There are infamous work cultures in Korea that everyone knows about: long working hours (I don’t have that), the overemphasis on hierarchy (totally felt that), sexism and racism.
You may argue however you like, but these issues are so real and troubling.

As the saying goes: When in Rome, do what the Romans do

but what if you know it’s completely wrong?

And lastly,


Loneliness isn’t about having no one to talk to. Loneliness is when you don’t feel the comfort of being at home.

Home is emotional– you can find home in a person, in a place.

As a foreigner, you may meet a dozen people but never ever find home.
Or you may find home in other foreigners who share the same sentiments are you but at some point, one of you may leave.



I’ve done internships, backpacked and worked overseas for a couple of times. Every experience is different– just so you know.

So after scrapping the surface of working overseas, here are my tips:

  • Take your time
    • not saying that it’s definitely gonna suck, but you’ve to take your time to plan and know your options.
  • Everything is going to work out eventually
    • I was doing freelancing with a French company and the boss told me: just trust that if you want something enough, everything will fall into place.
      Law of attraction? Definitely (Maybe– if you don’t believe in it).
      Reap what you sow? Definitely.
  • Listen, But never take everyone’s experience as what’s going to happen to you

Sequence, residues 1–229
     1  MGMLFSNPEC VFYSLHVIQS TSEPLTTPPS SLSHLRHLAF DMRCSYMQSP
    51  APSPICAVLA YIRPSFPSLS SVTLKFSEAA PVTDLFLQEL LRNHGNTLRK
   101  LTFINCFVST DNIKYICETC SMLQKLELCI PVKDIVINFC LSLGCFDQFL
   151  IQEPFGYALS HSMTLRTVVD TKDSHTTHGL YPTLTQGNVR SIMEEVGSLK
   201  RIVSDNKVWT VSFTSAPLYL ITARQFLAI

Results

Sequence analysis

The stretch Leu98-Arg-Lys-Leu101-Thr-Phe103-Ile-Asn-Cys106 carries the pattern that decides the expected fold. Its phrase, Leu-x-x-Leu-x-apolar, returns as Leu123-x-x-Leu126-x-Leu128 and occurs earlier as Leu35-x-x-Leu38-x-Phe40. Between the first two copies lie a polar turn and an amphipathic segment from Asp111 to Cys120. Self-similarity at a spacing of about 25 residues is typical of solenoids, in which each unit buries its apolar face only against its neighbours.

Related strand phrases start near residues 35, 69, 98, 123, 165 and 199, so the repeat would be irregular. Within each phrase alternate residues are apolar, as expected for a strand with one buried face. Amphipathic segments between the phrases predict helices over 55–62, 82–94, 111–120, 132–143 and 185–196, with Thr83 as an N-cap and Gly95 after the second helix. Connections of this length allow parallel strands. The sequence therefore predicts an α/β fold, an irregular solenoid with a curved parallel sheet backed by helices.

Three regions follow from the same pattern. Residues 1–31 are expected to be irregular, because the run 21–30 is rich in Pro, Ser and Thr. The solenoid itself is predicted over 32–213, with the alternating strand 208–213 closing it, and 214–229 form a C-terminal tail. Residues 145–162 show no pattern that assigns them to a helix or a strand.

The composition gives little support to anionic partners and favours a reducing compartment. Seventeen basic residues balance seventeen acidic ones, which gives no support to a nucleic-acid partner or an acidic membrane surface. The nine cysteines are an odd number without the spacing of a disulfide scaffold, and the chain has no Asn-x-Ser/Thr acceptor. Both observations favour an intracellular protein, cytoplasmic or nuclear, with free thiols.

• If you were to ask a Korean about their working experience, they’ll tell you a completely different answer.
      If you were to ask an ESL teacher about his/her working experience, they’ll give you a different one as compared to an office worker.
      I believe that everyone’s advice should be valued, but they should never be taken as a complete dummy’s guide to your own personal experience.
  • Study 
    • Studying and gaining knowledge about the process is not only helpful but also respectful. Studying about the visa application process makes things easier for everyone.
    • Trying your best to study their language is respectful. It’s cute making mistakes but knowing you’ve tried, but it’s annoying and obvious if you don’t give a shit.
  • If you’re uncomfortable, something is definitely not right.
    • I came to realization recently that many people are confused about cultural norms. There are cultural norms that are mildly annoying, but not really offensive. While there are some cultural norms that pass off as cultural norms when actually people are just trying to take advantage of you.
    • Let me give you an example: 
      • An appropriate but annoying cultural norm in Korea: People like to stop in the middle of the road and have 0 sense of spatial awareness. Annoying, but not offensive at all.
      • An inappropriate a ‘cultural norm’ in Korea: Acquaintances in a professional setting/ study group/ sports group making you feel like you’ve been harassed.
        When I spoke to my Korean friends, I realized that it’s abnormal behavior. So, many foreigners who knew no better put up with it because they thought it was culturally appropriate when it truly isn’t.
        Annoying and offensive. no means no. 
    • Every culture has their own set of appropriate and inappropriate norms. Just because you’re a foreigner, it doesn’t mean that you should put up with things that you’re uncomfortable with. Turn it down respectfully or speak to someone about it.



Thanks for reading. I hope this helps and if you’ve any questions, do leave me a comment 🙂